Correction: Clarification on initiation story The Torres News would like to clarify that all the information published in the article ‘Awakening the search for cultural identity’ (Torres News, 25 April - 1 May 2012, page 3) came from Jeff Waia of the Ait Koedal clan on Saibai Island. The Torres News does not lay any claim to clan knowledge. Torres News

9 - 15 May 2012 Page 3


Tributes flow for Uncle George Mye “The modern godfather of independence” TRIBUTES continue to flow in for the late George Mye of Erub (Darnely Island) who passed away on Thursday, April 26 at Cairns Base Hospital. Torres Strait Island Regional Council (TSIRC) Mayor Fred Gela said the achievements of Mr Mye were pivotal in the journey of the Torres Strait and its people. “Even though we are of many different ages and have all kinds of jobs and interests, it is certain that we all have one thing in common: our admiration of a man who never quits until the job is done,” Mr Gela said. “He reminds us too that the opportunities and the many luxuries of life that we take for granted here in the Torres Strait were won by struggle. “And our Elder Statesman had struggled. The fact that he kept his composure and lifted us with his humour testified to his inner strength, not to a life without hardship. “We all know something else about the late Mr Mye. He doesn’t just look around and see things that need attention. He takes action. “The TSIRC extends it’s deepest and warmest condolences to his wife, children, grandchildren, great grandchildren and families our prayers and thoughts are with them in their time of sorrow.” Queensland Premier Campbell Newman said Mr Mye was was well known to Premiers, Prime Ministers and Governors-General. “Mr Mye’s MBE and OAM are testament to the high regard in which he was held in nationally and internationally for his commitment and dedicated leadership for Torres Strait Islander peoples,” Mr Newman said. “To his wife Jennifer, son John and his wife Riti and their five sons, sister Florence, extended family and the Torres Strait Islander community, I pass on my heartfelt sympathy for your loss. “The passing of Mr George Mye will be felt by Torres Strait Islander people and others who have known him or his works throughout the country.” Senator for Queensland Jan McLucas said Mr Mye’s unwavering commitment to his people would be remembered for many years to come. “A widely respected leader and an elder statesman of the Torres Strait, George Mye has played a major part in progressing the rights of Torres Strait Islanders,” Senator McLucas said. “From advocating for Islander ex-servicemen and organising Coming of the Light celebrations, to serving as a local Councillor and having leadership roles with ATSIC, throughout his life George Mye was committed to pursuing better outcomes for the Torres Strait community.” Senator McLucas said George Mye was a true leader. “People listened to George. He had the ears of politicians at all levels and of all political persuasions. “He was a very strong advocate of land and sea rights for Torres Strait Islanders over many decades and his passion remained as strong as ever.” Senator McLucas expressed her sympathies to the Mye family. “Our thoughts are with the Mye family, his friends and community,” she said. “They should be incredibly proud of George’s life work and the powerful legacy he leaves.” Chairperson of the Australian Institute of Aboriginal and Torres Strait Islander Studies, Professor Mick Dodson AM, said Mr Mye was a staunch advocate of land and sea rights for Torres Strait Islanders over the last 60 years and was a central figure in the push for full autonomy for the Torres Strait. “George Mye will forever be remembered as a very active and wellregarded member of the Torres Strait Islands who worked tirelessly to improve life in his community and - to his death - continued to advocate on behalf of his people,” Prof. Dodson said. “George Mye was referred to as the modern godfather of independence for the Torres Strait Islands and his outstanding leadership, contribution and passion for his people will forever be remembered.”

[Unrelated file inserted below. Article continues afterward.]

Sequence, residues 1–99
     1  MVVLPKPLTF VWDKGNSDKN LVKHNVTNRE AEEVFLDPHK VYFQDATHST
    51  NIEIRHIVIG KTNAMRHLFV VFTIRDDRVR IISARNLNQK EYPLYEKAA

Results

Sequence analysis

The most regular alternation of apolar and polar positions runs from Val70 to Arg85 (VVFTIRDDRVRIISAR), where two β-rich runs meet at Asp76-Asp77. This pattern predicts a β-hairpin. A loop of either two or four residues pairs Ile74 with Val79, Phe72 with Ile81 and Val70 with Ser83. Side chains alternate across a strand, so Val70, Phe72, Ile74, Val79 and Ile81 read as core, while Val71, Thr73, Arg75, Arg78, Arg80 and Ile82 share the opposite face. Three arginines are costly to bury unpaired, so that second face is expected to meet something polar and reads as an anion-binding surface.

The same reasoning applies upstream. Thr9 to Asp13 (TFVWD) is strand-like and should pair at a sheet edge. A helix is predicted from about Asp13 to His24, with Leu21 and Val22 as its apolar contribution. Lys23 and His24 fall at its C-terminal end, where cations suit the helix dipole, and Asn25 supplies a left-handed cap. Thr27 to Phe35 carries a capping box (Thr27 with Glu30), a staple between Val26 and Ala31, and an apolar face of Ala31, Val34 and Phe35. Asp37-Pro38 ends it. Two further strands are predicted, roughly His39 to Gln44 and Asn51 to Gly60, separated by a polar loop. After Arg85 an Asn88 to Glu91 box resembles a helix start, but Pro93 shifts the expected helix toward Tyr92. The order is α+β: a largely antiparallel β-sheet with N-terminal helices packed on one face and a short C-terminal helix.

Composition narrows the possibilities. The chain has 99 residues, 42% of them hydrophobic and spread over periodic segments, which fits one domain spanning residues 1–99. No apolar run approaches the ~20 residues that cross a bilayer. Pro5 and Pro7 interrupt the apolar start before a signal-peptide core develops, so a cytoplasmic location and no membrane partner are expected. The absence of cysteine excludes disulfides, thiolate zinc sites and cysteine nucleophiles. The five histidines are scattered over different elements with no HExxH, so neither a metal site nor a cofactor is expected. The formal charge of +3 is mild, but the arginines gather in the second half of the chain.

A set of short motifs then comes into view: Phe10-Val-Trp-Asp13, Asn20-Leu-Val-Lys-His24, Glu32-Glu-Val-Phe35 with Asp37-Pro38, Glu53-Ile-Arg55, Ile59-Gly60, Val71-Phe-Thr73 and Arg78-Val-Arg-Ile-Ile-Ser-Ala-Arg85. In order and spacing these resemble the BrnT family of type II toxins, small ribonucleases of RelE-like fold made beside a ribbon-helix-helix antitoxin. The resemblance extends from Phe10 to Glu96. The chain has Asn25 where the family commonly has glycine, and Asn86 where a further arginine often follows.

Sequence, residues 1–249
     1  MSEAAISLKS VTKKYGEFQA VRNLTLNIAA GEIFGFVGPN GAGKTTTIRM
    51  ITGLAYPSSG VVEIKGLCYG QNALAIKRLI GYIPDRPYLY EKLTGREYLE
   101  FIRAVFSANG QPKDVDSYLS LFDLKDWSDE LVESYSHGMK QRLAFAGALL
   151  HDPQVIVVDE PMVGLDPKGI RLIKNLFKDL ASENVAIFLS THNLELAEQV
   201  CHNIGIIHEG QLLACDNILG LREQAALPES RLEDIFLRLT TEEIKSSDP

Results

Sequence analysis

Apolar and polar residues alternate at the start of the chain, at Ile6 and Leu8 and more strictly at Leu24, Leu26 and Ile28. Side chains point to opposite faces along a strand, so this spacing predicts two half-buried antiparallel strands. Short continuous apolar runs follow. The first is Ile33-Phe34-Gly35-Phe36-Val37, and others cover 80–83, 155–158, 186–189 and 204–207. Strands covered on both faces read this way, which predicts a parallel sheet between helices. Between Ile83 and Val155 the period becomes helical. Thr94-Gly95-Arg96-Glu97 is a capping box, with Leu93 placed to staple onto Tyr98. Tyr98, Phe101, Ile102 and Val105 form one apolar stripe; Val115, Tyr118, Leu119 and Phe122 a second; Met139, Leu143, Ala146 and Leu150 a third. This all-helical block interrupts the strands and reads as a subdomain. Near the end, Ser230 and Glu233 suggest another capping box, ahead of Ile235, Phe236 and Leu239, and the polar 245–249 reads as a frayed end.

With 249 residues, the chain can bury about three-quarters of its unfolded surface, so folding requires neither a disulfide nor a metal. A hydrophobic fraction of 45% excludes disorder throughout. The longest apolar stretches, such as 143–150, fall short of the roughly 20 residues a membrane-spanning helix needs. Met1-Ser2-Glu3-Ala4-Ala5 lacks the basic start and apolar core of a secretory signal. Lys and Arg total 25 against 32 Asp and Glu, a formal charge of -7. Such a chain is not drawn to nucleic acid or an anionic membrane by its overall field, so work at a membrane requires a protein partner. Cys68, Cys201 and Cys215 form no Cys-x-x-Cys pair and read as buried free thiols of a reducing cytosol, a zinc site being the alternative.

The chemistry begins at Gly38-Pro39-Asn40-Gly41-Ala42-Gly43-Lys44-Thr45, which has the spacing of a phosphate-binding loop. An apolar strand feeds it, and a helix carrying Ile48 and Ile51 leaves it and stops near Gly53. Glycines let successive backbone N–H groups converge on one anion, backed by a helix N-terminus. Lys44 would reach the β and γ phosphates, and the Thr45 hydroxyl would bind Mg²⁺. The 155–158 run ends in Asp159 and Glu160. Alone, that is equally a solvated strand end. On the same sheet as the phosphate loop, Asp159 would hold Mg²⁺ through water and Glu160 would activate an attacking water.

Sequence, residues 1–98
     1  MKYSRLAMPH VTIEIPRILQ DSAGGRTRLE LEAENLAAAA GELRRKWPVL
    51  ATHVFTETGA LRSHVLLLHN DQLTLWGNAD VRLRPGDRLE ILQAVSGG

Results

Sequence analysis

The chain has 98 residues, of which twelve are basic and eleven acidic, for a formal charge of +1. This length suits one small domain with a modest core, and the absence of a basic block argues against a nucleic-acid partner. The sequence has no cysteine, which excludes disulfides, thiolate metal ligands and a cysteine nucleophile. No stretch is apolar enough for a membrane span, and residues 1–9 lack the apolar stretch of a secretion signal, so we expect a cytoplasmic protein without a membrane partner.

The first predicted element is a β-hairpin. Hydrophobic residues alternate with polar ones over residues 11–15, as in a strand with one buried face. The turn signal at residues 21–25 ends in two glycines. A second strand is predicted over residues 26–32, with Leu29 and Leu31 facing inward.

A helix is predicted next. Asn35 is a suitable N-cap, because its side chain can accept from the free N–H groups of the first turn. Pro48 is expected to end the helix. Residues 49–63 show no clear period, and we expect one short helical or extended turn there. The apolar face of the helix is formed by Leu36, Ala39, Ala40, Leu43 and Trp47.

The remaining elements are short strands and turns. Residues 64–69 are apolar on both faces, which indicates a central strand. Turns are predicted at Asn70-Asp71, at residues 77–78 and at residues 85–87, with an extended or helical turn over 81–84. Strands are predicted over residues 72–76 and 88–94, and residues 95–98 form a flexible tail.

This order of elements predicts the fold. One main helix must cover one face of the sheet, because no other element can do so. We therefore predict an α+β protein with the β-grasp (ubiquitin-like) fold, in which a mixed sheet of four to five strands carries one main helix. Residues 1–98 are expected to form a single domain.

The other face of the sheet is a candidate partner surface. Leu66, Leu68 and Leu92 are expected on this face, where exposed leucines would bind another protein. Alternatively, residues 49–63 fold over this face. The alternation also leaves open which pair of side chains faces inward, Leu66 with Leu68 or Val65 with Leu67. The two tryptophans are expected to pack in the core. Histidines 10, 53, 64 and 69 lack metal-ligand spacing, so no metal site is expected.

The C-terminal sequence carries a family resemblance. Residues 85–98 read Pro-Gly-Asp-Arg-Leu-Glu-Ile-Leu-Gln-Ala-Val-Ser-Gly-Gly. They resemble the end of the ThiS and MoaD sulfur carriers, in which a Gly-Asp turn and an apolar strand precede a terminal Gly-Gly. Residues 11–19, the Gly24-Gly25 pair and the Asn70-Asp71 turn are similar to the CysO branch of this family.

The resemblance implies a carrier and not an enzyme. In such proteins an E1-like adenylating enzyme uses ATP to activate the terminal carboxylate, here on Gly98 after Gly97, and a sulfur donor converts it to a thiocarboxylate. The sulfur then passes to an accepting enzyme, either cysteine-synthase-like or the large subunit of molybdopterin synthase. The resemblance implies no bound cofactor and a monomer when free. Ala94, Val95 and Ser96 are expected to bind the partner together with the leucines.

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9 - 15 May 2012

Director of Photography filming linguist Dana Ober on Thursday Island. PHOTO: SUPPLIED

Ailan Kastom on show in film By MELINDA TUPLILNG ISLANDER customs and rituals were showcased on silver screen at Gab Tutui’s 8th Birthday celebrations last month, when Cairns-based film director Brett Charles proudly showcased his ten-minute teaser for the film Ailan Kastom. The preview, from a onehour-long film project funded and produced by the Torres Strait Regional Authority and Leftfield Productions, had the audience captivated. With director of photography Gregg Maxwell on board, filming for Ailan Kastom began in June, 2011, and took place on at least eight outer islands as well as Thursday Island. Brett, who has visited Thursday Island since 2004 with a project he was working on through Education Queensland, says the film gives a rare insight into Torres Strait Islander culture in the year 2012. “It’s been an inspiring journey,” Brett said. “I’ve witnessed rituals and customs few non-Indigenous people have seen, let alone filmed. “When I first came up here eight years ago I couldn’t believe the amazing beauty of the place.

“Making this film I’ve learned that everything here is interconnected - the songs, the dance, the art - everything is interwoven throughout daily Islander life.” However the film production was not without its challenges. “Getting around and the cost of flights was one of our biggest issues with filming, but fortunately I managed to team up with Tagai State College,” he said. “We tagged along with them while they were having consultations with the community about language and culture. “Through them we met a lot of people throughout the different communities.” With more than 120 hours of filming, Brett said the postproduction journey was a long road. “The first thing is just getting started when you have that much information,” Brett said. “Throughout filming I had to keep perspective of the big picture. “Most people were happy to be involved and go along with the filming. “There were a few people who chose not to be involved as they couldn’t believe we could fit the Torres Strait Islander culture into an hour-long film.”